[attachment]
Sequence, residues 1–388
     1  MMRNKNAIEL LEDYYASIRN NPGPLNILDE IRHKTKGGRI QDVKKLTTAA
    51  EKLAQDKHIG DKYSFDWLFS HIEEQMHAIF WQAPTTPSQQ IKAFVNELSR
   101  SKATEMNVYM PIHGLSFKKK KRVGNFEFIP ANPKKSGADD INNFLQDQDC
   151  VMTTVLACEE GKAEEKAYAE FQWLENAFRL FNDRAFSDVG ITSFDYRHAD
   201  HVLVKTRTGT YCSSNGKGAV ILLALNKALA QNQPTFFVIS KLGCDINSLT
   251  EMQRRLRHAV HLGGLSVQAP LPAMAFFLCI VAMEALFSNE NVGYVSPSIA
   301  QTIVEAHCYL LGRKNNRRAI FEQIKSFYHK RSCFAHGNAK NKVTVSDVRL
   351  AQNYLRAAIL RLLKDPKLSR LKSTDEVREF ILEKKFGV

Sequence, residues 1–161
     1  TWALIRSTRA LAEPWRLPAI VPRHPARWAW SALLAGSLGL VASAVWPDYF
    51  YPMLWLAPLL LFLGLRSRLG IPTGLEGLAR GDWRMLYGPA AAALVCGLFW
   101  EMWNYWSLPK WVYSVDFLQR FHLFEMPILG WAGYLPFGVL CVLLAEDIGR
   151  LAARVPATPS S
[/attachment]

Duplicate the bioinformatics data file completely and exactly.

Sequence, residues 1–388
     1  MMRNKNAIEL LEDYYASIRN NPGPLNILDE IRHKTKGGRI QDVKKLTTAA
    51  EKLAQDKHIG DKYSFDWLFS HIEEQMHAIF WQAPTTPSQQ IKAFVNELSR
   101  SKATEMNVYM PIHGLSFKKK KRVGNFEFIP ANPKKSGADD INNFLQDQDC
   151  VMTTVLACEE GKAEEKAYAE FQWLENAFRL FNDRAFSDVG ITSFDYRHAD
   201  HVLVKTRTGT YCSSNGKGAV ILLALNKALA QNQPTFFVIS KLGCDINSLT
   251  EMQRRLRHAV HLGGLSVQAP LPAMAFFLCI VAMEALFSNE NVGYVSPSIA
   301  QTIVEAHCYL LGRKNNRRAI FEQIKSFYHK RSCFAHGNAK NKVTVSDVRL
   351  AQNYLRAAIL RLLKDPKLSR LKSTDEVREF ILEKKFGV

Sequence, residues 1–161
     1  TWALIRSTRA LAEPWRLPAI VPRHPARWAW SALLAGSLGL VASAVWPDYF
    51  YPMLWLAPLL LFLGLRSRLG IPTGLEGLAR GDWRMLYGPA AAALVCGLFW
   101  EMWNYWSLPK WVYSVDFLQR FHLFEMPILG WAGYLPFGVL CVLLAEDIGR
   151  LAARVPATPS S